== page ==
Condor mulls new aircraft as it downsizes current fleet
Dateline: Friday September 12, 2003
Condor Flugdienst GmbH, battling a sharp downturn in the package-tour business along with the rest of parent Thomas Cook AG, is downsizing its fleet.
Phased shrinkage of Condor will reduce the current operational fleet by six to 34 by summer 2004: 13 757-300s, nine 767-300s and 12 A320s flown by subsidiary Condor Berlin. Some of the company's 47 aircraft already have been mothballed, leased out or are up for sale, leaving 40 in operation as of last May.
Plainly put, Condor has too much capacity for a vastly changed market, officials declare. Demand for package tours has dropped to the 1998 level while overall charter capacity of German carriers has increased 23% since then.
A total of 356 staff positions will be affected, only 240 of which involve full-time employees, most of whom will be able to transfer elsewhere within Thomas Cook's 50% owner Lufthansa Group. German retail giant KarstadtQuelle holds the other half of the eur8 billion ($9 billion) travel conglomerate, while Thomas Cook in turn owns 90% of Condor with LH having 10%.
Simultaneously with the downsizing, Condor is pursuing plans to restructure with an order next year for 22 aircraft and increasing its focus on seat-only sales to compete with no-frills carriers. It is talking to both Airbus and Boeing about a possible order. "We could be an early customer for the 7E7 but we are also looking at 737s and 767s, as well as A320s/A321s and A330s," Executive VP-Thomas Cook Airline Operations Rudolf Tewes told ATWOnline in Frankfurt. "There is no haste, but we see a decision in 2004."
Advanced discussions are underway with one of several interested buyers in connection with the ultimate disposal of all of Condor's 13 757-200s. The carrier also intends to unload its 13 757-300s eventually, Tewes said.
Included in the restructuring are plans Thomas Cook is working on, to be announced this fall, that will centralize activities of the group's five leisure-market airlines along the lines of a single pan-European entity to capitalize on cost savings and synergies. Intense restructuring efforts are geared to save the conglomerate eur600 million over two years.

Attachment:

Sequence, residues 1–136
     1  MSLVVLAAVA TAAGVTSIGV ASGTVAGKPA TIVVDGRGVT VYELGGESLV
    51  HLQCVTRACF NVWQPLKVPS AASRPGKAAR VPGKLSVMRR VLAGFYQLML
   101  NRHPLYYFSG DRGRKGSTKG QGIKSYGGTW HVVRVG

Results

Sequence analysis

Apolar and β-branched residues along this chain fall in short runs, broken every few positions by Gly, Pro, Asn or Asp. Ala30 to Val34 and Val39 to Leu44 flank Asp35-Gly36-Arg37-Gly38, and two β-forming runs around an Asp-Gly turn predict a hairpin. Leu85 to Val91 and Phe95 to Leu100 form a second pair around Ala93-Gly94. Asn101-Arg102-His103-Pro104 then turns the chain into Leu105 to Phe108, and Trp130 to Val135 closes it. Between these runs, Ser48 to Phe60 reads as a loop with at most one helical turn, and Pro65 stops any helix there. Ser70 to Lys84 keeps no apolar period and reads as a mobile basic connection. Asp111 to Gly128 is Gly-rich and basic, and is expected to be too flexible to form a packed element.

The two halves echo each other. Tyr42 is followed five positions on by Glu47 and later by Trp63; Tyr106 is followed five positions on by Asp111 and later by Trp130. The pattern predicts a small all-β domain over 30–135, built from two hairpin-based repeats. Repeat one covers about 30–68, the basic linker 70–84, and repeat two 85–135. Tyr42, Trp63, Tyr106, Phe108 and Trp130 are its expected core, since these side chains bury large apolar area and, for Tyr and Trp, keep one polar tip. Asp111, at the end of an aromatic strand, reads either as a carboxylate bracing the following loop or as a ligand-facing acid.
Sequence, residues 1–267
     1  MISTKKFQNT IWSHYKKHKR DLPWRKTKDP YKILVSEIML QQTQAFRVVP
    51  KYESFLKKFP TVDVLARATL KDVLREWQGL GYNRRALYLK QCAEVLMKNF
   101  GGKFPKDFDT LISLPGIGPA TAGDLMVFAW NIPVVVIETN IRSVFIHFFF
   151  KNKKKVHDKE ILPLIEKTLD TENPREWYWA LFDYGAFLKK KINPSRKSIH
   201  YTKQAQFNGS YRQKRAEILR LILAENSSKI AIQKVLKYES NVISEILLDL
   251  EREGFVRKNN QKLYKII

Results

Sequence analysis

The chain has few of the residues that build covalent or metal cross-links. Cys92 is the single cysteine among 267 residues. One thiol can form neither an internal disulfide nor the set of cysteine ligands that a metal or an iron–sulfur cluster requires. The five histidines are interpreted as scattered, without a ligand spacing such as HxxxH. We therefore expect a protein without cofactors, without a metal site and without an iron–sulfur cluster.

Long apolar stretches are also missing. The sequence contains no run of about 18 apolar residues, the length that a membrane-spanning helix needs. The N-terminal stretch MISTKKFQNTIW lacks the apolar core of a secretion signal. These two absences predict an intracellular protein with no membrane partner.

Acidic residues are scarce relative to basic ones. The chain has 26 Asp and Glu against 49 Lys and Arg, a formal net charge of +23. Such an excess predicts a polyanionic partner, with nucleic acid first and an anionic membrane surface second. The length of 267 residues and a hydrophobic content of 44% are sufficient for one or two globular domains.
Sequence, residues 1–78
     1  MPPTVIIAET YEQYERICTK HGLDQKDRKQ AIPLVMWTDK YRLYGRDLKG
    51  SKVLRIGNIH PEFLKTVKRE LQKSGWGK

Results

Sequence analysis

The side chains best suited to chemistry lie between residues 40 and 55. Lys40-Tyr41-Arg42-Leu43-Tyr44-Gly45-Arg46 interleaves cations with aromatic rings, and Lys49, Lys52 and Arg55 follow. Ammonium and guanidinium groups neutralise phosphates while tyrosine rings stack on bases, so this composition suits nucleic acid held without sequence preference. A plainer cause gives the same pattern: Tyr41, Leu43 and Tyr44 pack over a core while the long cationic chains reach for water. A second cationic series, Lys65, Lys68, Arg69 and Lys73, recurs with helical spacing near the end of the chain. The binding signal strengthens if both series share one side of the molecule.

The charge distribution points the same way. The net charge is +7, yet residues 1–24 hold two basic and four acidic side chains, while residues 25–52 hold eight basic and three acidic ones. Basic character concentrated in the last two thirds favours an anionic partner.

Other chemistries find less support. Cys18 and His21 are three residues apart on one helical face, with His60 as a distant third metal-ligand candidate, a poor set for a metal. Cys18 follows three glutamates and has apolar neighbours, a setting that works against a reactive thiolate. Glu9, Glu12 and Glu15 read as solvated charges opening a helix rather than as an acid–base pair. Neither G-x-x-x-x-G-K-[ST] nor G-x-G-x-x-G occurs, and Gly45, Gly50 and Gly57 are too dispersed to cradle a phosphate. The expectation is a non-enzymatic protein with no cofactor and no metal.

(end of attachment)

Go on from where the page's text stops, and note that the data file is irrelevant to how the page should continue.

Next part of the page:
In addition to Condor, the group includes Thomas Cook Airlines UK with 24 aircraft, Thomas Cook Airlines Belgium with six and SunExpress, which operates eight planes to Turkey. Combined they fly from 47 departure points in eight countries to 80 airports in 25 countries.--LH
Andreas From Germany, joined Oct 2001, 6104 posts, RR: 30
Reply 1, posted (12 years 7 months 3 weeks 6 days 1 hour ago) and read 2220 times:
I'm not sure if this is exclusively a result of the LCC trying to break into the tour market. Tour business has been terribly weak this last year, booking numbers were down, German tourists have significantly scaled down their holiday expenses because of the economic situation in this country of ours. That's the main reason why Condor is reducing fleet numbers (and some others, too).
TriStar500 From Germany, joined Nov 1999, 4706 posts, RR: 39
Reply 2, posted (12 years 7 months 3 weeks 6 days ago) and read 2216 times:
The effects Condor is experiencing are not so much due to competition from low cost carriers, because there is hardly any overlap between the route networks of Germany's leisure airlines and LCC's. Only the Italian market has been penetrated to a wider extent by low cost airlines so far, while only a tiny fraction of the traffic to traditional vacations spots like Spain, Greece and Turkey is condicted by LCC's.
IMO Condor's troubles are generated (among other factors) by:
A. general overcapacity in the German market
B. the long-lasting economic downturn in Germany
C. the competition from cheaper, lower-priced competitors like e.g. Air Berlin.
Condor is one of the few leisure carriers offering a relatively high level of job benefits to their employees. While this is not a make-it-or-break-it criterion for economic success or failure, other carriers with streamlined structures (both in terms of labor costs and operations) manage to produce lower seatmile cost in this very competitve, because largely price driven travel segment.
Also, there has been a tendency to spread leisure flights from the main airports to the smaller regional airports, serving them with relatively small equipment (737/ A320).
Condor's fleet, which comprises mainly B757/ B767 is in many cases too large to serve these markets. Exception might be Condor Berlin with their A320. Carriers like AB, HF and YP with small equipment syphon off a lot of the traffic which would have otherwise flown from the large gateway airports like DUS, FRA and MUC.
The intention to base the fleet size on the lower demand of the winter season is a very logical move, and the acquisition of (cheaper) third-tier capacity during the summer is another means to decrease costs.
Also, I read in a separate interview, that DE is very interested in the 7E7, because the A330-200 would be way too big. A decision is not forthcoming, because the 767 is deemed to be in mid-life (delivered in the early 90s) now.
Don't quote me on that, but IMO it is very possible that we'll see the 757's being replaced by A321HGW in a few years. But keep in mind that this is only my theory, so don't flame me for it.
Homer: Facts are meaningless. You could use facts to prove anything that's even remotely true!